Sunday, January 15, 2012

On Augustine, Aquinas, and the transition from Roman Empire to the medieval, and to the pre-modern

Unlike Aquinas, Augstine was very autocratic and dogmatic. Augstine believed that how human-beings, at the current (contemporary) time, are not how they ought to be. Therefore, they need a strict principle like the "idea" (This indicates Augstine was strongly influenced by Plato) to guide them to how they should be. The problem of his idea is that there is "no stop point" where all human-beings are fulfilled in what God, the idea, claim. That's why Augstine stated. Aquinas was more realistic and Augustine. Aquinas at least knew how human-beings are at the current (contemporary) is what God initially planned them to be. So, we can neither complain nor expect them to be at the ideal state. Aqunas argued that we coexist with our sins but we have to resist against it as much as possible. However, from my point of view, sin is a reality, and sin can be necessary. I do not see sin to be always something to be avoided; it is often a necessary to enjoy our life !!

Well, you have to imagine what the community was like in the early medieval age. Collapse of Roman Empire, havoc everywhere, and so people lost their direction in their life. Unlike nowadays when we can access to various information resource and be educated with Copernican world view, people at the medieval age were disparate to believe in something superstitious.... oh it should be said the superstitious worship was "necessary" to give people a certain principle as the "natural law", the universal invincible law. But, this explanation does not mean I support it: Actually I think of this divine rule was necessary evil at the contemporary time period. As a matter of fact, I reckon the late medieval age (about from the 3rd Crusader period) when people gradually became independent from this Christian autocracy. This was the sign that that part of the world became more stabilised, the technology advanced, and the information flow grew.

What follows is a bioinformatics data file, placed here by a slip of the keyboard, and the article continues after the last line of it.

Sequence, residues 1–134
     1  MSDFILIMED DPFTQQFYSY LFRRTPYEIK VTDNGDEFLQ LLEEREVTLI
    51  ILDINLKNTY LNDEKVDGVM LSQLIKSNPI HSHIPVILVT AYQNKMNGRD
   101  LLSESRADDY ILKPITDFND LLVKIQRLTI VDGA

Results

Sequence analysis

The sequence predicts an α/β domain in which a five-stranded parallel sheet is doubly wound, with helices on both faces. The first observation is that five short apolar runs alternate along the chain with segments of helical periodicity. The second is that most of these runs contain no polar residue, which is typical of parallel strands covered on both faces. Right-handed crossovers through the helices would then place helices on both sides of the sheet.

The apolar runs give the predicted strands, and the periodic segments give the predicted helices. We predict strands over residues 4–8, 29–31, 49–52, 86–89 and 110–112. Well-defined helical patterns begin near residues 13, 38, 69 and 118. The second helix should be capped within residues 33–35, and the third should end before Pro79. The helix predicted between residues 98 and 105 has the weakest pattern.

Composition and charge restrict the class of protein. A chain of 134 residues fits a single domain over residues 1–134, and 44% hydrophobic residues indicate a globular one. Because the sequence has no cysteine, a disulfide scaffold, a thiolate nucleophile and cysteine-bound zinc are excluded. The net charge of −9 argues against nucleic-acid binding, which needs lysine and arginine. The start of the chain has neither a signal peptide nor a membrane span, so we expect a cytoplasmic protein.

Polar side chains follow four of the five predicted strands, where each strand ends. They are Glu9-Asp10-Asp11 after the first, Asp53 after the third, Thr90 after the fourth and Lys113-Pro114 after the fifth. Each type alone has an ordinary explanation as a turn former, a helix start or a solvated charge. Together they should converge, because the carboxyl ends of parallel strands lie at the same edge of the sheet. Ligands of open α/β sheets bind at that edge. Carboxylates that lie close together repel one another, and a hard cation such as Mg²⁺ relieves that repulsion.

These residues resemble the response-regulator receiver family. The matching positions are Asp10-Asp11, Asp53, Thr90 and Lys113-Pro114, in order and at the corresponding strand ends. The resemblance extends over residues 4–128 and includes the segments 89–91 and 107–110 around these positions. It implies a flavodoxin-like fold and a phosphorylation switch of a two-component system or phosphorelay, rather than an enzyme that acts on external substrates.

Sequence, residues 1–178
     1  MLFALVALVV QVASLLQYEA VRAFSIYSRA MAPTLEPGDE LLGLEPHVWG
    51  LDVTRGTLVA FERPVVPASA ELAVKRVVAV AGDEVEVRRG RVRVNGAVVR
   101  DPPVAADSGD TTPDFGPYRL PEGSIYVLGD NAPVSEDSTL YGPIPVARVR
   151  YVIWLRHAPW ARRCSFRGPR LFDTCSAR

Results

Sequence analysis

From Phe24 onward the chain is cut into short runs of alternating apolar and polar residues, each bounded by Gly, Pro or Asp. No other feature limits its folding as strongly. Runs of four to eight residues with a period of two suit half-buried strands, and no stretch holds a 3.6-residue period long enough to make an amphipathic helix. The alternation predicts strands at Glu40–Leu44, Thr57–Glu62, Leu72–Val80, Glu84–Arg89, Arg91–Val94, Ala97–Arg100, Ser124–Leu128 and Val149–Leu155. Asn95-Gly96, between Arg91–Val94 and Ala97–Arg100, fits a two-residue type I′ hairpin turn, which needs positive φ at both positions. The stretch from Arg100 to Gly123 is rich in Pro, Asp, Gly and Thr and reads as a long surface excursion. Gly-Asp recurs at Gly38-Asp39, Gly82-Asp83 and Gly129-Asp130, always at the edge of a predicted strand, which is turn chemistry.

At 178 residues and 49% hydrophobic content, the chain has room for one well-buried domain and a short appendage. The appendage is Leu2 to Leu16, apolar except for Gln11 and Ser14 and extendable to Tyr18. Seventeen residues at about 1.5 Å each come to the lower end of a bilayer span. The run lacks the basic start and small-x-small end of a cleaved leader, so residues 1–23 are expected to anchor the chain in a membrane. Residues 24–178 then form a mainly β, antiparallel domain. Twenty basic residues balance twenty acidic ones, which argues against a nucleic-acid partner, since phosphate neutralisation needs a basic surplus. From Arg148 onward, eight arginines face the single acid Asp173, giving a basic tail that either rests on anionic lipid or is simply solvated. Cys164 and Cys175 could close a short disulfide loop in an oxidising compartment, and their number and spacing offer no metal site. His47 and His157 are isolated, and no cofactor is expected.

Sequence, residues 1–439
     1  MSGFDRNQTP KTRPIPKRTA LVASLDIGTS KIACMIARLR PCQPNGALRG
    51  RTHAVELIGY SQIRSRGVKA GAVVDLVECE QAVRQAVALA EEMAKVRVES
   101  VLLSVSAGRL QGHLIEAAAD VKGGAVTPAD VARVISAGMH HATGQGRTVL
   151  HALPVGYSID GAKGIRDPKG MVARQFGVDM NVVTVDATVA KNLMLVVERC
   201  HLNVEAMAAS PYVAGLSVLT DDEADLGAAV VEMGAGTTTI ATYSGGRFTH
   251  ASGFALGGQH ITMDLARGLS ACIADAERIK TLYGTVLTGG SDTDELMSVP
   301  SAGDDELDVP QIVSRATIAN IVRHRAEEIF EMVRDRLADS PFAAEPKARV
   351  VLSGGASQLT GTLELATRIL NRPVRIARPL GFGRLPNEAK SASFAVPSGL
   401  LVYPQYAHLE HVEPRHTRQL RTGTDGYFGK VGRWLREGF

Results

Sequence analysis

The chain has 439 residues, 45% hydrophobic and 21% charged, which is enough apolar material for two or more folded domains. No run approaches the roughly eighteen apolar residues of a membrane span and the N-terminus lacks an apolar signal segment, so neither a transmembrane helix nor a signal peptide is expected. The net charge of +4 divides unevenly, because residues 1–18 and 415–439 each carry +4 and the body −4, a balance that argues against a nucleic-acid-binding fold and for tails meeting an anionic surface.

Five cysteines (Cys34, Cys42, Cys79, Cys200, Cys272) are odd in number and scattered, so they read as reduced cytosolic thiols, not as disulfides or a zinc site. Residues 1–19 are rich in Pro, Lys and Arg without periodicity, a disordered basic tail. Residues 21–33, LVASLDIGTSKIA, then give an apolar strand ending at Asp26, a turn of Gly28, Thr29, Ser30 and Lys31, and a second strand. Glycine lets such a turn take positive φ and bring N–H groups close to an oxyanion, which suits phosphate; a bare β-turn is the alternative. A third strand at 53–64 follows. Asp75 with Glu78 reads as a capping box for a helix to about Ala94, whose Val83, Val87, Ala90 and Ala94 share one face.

Furthermore, I highly admire all 3 Palestinian religions, Judaism, Christianity, and Islam. These religions enlightened people to think independent from the nature surrounding them. Neither all ancient religion nor all oriental religions have ever done in such a way! The Palestinian religions enabled individual human-beings to think rationally (beyond their surrounding nature and their box of thought), and established strongholds! Augstine and Aquinas definitely contributed in this great work!

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